Cam’s loyalty to his family has always been unswerving, and his relationship with his mother was a close one. His decision to blame me for the accident stems from his inability to handle the thought of his mother being anything less than perfect, I believe. He refuses to acknowledge his mother’s infidelity, or her decision to get in the car with my father, or her choice to place her eleven-month-old daughter on her lap when they drove off.
The conversation that took place on the beach during my first night home, proves that maybe he will never acknowledge her part in it – just mine. Two years did nothing to dull his hatred. There were moments while I was overseas when I deluded myself into thinking that when I did come home, Cam would forgive me. I was naïve and ridiculous.
“Then why don’t you ever stand up for yourself?” Jo asks. “Why are you willing to walk away from a perfectly good job because of someone who refuses to see things the way they actually are?”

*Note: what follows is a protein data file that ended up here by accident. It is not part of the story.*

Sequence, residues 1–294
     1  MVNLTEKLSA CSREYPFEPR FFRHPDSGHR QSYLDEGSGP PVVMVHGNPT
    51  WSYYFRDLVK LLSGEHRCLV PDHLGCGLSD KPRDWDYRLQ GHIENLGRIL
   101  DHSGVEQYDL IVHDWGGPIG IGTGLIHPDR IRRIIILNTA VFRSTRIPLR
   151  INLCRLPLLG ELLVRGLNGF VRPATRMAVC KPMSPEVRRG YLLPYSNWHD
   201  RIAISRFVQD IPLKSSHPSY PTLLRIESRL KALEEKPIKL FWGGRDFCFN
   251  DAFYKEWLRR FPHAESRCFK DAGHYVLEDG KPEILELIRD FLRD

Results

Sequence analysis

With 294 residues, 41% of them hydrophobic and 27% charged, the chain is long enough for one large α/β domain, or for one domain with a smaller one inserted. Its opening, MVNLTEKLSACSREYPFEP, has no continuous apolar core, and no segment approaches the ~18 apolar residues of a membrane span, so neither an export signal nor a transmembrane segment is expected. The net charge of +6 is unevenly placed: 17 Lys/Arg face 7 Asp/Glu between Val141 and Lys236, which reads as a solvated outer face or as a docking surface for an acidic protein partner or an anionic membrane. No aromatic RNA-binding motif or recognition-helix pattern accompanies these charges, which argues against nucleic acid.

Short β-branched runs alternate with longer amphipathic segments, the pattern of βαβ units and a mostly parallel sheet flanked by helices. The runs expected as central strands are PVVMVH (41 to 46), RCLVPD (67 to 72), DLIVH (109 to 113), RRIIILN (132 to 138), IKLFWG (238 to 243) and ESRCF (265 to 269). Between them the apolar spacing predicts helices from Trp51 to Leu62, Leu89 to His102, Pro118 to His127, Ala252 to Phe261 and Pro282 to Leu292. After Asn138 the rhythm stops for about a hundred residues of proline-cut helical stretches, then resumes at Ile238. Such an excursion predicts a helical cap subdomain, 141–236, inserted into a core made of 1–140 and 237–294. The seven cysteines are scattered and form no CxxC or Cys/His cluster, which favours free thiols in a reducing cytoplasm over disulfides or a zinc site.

“You know why, Jo.”
Aside from the fact that Cam will make my life difficult if I take the job, I’m still stupidly in love with him. Jo has told me I need to get over Cam. How on earth does she think I’ll accomplish that when I’m working side by side with him and seeing him nearly every day? Watching him make out with and hang out with Brooklyn constantly will tear at me.
Wiping the sand from my hands, I say, “I hate that he blames me, but I understand perfectly why he does, and maybe…maybe I owe it to him to be his scapegoat.”
“Why? Because you feel like you deserve the blame he’s cast at your feet? Trust me, you don’t. It wasn’t your fault, Kia. How many times do I have to say it? How many times until you start to believe it?”
“Two people died because I didn’t trust my gut. Instead, I trusted my father. They died because I was in a rush to get ready for our Graduation dinner. How easily could you absolve yourself of what happened in the same situation? I didn’t drive the car, but without the keys, Mollie and Cam’s mum would still be alive.”
“You don’t know that. Your father could have stolen a car, or-”